Accountability for patient care value is more than a buzzword or marketing hyperbole. Accountability for delivering patient care value is entering the mindset of clinicians in all practice settings. Being personally accountable for outcome extends altruism to professional identity and self-scrutiny of effectiveness. Care providers are recognizing the need to maximize their contribution to patient outcome within the broader spectrum of care, requiring coordination with multiple disciplines within the delivery system. A clinician’s effectiveness is now dependent upon others. Nowhere is this more apparent than current initiatives to reduce hospital readmission rates. Transforming healthcare will require knowledge and influence upon multiple parts of the delivery system to improve value.
A bulldozer is a massive and complex construction vehicle capable of transforming the earth. Controlling this behemoth takes knowledge and skill, only the well prepared need apply. Getting from one place to another without a steering wheel, gas or brake pedal is accomplished with effective precision by pulling or pushing a series of levers each with a specific function, which in turn accomplish the most complicated tasks. No single lever will accomplish the objective, but the coordinated synchrony of pushes and pulls at the right time will produce the desired outcome.
Care management is the systematic coordination and execution of all elements of the patient care system. The move to bundle and pay-for-care outcomes instead of services will place greater emphasis upon the factors that contribute to care value. With the recognition that healthcare professionals accomplish better outcomes working in teams, individual contributions are amplified at the system level where coordinated efforts create greater value. IT and data fuel the vehicle to produce care value in delivery systems. Providers will need to become familiar with and take control of these value levers to optimize effectiveness and reduce costs through meaningful use of electronic data sources. W. Edwards Demming said it well, “It is not enough to do your best; you must know what to do, and then do your best.”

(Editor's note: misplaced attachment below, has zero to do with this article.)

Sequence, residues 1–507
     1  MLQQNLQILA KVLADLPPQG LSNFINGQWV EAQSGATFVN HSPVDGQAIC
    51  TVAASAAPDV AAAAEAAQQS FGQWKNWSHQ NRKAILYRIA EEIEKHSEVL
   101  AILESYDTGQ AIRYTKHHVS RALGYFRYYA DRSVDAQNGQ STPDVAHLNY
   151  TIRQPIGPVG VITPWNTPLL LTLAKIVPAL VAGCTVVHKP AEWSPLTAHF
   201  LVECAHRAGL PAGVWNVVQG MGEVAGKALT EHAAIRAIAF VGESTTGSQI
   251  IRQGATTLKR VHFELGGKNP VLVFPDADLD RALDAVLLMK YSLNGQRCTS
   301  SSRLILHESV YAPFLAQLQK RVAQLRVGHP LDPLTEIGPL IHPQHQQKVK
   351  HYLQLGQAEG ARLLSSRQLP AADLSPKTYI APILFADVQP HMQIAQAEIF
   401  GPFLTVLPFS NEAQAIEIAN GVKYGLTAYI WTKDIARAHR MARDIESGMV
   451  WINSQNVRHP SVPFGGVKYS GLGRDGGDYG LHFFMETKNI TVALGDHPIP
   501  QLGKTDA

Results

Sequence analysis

The bulldozer of healthcare has many levers that move the delivery system and create value. Becoming familiar with and controlling these is expected for successful patient outcome.
In her recent book, “Rethinking Return on Investment: The Challenge of Accountable Meaningful Use,” Pam Arlotto puts forth the arguments for steering hospital operations with meaningful use of operational data to accomplish the organization’s strategic objectives with the metrics or value levers to influence successful outcomes.
The process of identifying performance improvement objectives, developing the strategy to accomplish them, linking the metrics and value levers to management’s control and reporting the results are presented with today’s examples of transforming delivery systems from fee for service compliance models to value based performance. We should explore and become skilled with how the value levers of rehabilitation influence outcome and improve management’s ability to pull the right lever at the right time for optimal value.